Gain time reform measure clears Senate panel
A Senate panel has approved a measure that would allow qualified inmates to earn early release after serving 65% of their sentences, avoiding the current 85% mandate.
The Appropriations Subcommittee on Criminal and Civil Justice voted 7-0 on April 8 to approve SB 1032 by Chair Keith Perry, R-Gainesville. A companion, HB 235 by Rep. Dianne Hart, D-Tampa, has yet to be heard.
The measure would allow qualified prisoners to shave 10 days off each month of their sentences for good behavior and earn rehabilitation credits that would vary based on the date and severity of their offense.
Perry said he was uncomfortable lifting the 85% mandate, but he noted that inmates who don’t participate in rehabilitation programs have a 50% recidivism rate.
“And that means you and I will someday be a victim of crime,” he said. “The purpose of this bill is not to be soft on crime…the purpose of this bill is public safety.”
The measure would also give corrections officers in dangerously understaffed prisons a powerful tool to control inmate behavior, Perry said.
Under the bill, prisoners would have the ability to shave 60 days off of their sentences for completing each of a host of rehabilitation programs, including a high-school equivalency diploma, college degree, vocational certificate, or a drug and alcohol treatment program.
The measure would also make ex-offenders eligible to apply for professional licenses two years after their convictions instead of the current five. The provision would apply to would-be barbers, cosmetologists, contractors, and others.
According to a staff analysis, the measure could reduce the need for more than 8,000 prison beds and reduce prison costs by nearly $550 million over the next five years.
Sen. Jason Pizzo, D-Miami and a former prosecutor, praised Perry for sponsoring a bill that is opposed by the Florida Sheriff’s Association and House Republican leaders.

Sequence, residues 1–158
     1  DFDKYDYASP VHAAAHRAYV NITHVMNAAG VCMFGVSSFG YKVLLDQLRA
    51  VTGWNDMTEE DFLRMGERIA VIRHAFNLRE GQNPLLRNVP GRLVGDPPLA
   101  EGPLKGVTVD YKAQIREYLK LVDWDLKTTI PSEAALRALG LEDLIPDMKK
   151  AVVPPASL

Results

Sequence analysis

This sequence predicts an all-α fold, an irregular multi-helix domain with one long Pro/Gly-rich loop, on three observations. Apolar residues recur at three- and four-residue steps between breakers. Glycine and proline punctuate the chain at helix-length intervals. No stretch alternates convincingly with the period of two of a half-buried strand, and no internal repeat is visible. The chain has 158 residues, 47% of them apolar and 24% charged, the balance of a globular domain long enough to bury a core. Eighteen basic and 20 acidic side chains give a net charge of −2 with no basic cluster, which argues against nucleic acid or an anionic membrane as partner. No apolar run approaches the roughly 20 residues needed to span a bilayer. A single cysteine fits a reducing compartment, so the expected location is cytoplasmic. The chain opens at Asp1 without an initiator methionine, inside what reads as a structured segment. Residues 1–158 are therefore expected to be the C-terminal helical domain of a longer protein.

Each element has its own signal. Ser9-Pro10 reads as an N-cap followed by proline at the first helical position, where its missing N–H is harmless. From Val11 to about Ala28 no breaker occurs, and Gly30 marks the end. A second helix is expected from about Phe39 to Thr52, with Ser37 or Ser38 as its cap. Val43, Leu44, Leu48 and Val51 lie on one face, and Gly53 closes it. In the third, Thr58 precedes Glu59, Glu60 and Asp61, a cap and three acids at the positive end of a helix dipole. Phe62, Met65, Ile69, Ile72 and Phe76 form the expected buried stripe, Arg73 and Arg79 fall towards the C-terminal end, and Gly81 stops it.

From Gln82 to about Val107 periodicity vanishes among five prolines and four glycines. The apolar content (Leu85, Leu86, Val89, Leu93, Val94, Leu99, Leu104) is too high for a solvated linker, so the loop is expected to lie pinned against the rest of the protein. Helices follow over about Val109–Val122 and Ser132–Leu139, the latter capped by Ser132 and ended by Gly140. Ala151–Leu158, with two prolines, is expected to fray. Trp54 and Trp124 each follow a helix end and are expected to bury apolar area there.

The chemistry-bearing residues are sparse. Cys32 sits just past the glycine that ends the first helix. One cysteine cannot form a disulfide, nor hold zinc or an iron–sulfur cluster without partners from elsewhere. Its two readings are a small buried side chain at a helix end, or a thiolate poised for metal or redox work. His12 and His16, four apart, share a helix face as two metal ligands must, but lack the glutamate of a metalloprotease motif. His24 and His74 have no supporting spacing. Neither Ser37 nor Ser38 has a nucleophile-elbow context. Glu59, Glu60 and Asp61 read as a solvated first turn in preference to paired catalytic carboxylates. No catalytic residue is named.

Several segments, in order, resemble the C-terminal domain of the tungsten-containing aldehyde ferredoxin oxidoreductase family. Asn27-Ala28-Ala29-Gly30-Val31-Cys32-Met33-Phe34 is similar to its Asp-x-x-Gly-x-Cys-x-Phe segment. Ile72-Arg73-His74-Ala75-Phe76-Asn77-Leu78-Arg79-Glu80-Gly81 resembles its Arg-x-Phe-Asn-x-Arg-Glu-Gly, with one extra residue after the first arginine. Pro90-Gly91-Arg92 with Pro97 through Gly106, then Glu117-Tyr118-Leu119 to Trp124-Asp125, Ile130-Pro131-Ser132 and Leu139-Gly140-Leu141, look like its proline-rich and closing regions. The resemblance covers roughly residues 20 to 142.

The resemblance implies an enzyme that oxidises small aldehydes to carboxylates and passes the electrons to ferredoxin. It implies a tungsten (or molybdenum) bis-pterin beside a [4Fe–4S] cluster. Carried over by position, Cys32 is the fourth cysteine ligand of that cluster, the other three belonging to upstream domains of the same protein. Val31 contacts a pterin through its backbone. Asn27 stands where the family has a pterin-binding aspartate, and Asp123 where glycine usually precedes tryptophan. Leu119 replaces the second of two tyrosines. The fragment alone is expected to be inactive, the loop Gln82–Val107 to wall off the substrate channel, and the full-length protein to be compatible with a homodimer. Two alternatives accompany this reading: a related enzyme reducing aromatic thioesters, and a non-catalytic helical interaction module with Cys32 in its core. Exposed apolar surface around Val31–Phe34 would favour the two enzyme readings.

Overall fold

“Chair Perry, you’re a good dude,” Pizzo said. “This is not an easy bill.”
Pizzo said he was concerned that if the measure ever became law, prosecutors would demand harsher sentences in plea negotiations. Regardless, Pizzo said he was a strong supporter.
“It’s about public safety, not just about punishment,” he said.
The Florida Campaign for Criminal Justice Reform is an ardent supporter. The coalition includes the Florida Public Defender Association, the Florida Association of Criminal Defense Lawyers, the Florida Justice Association, the ACLU, the Catholic Church, and others.
Several people who identified themselves as parents of inmates testified for the bill, one of them tearfully.
A Panama City woman said the measure would allow her son, who is serving a 20-year sentence for a first-time offense, to be released in 2025 instead of 2028.
“In one sense, I’m lucky, because my son will come home someday,” she said. “Do you want him to be better when he comes home, or worse?”
Sen. Dennis Baxley, R-Ocala and a former Criminal Justice Committee chair when he served in the House, said he was willing to take a chance on rehabilitation.
But he warned that lawmakers would undo the reforms if recidivism rates don’t fall.
“Today is a day of redemption for me, I want to give them that chance,” he said. “The future of this, whether it works, is how they respond.”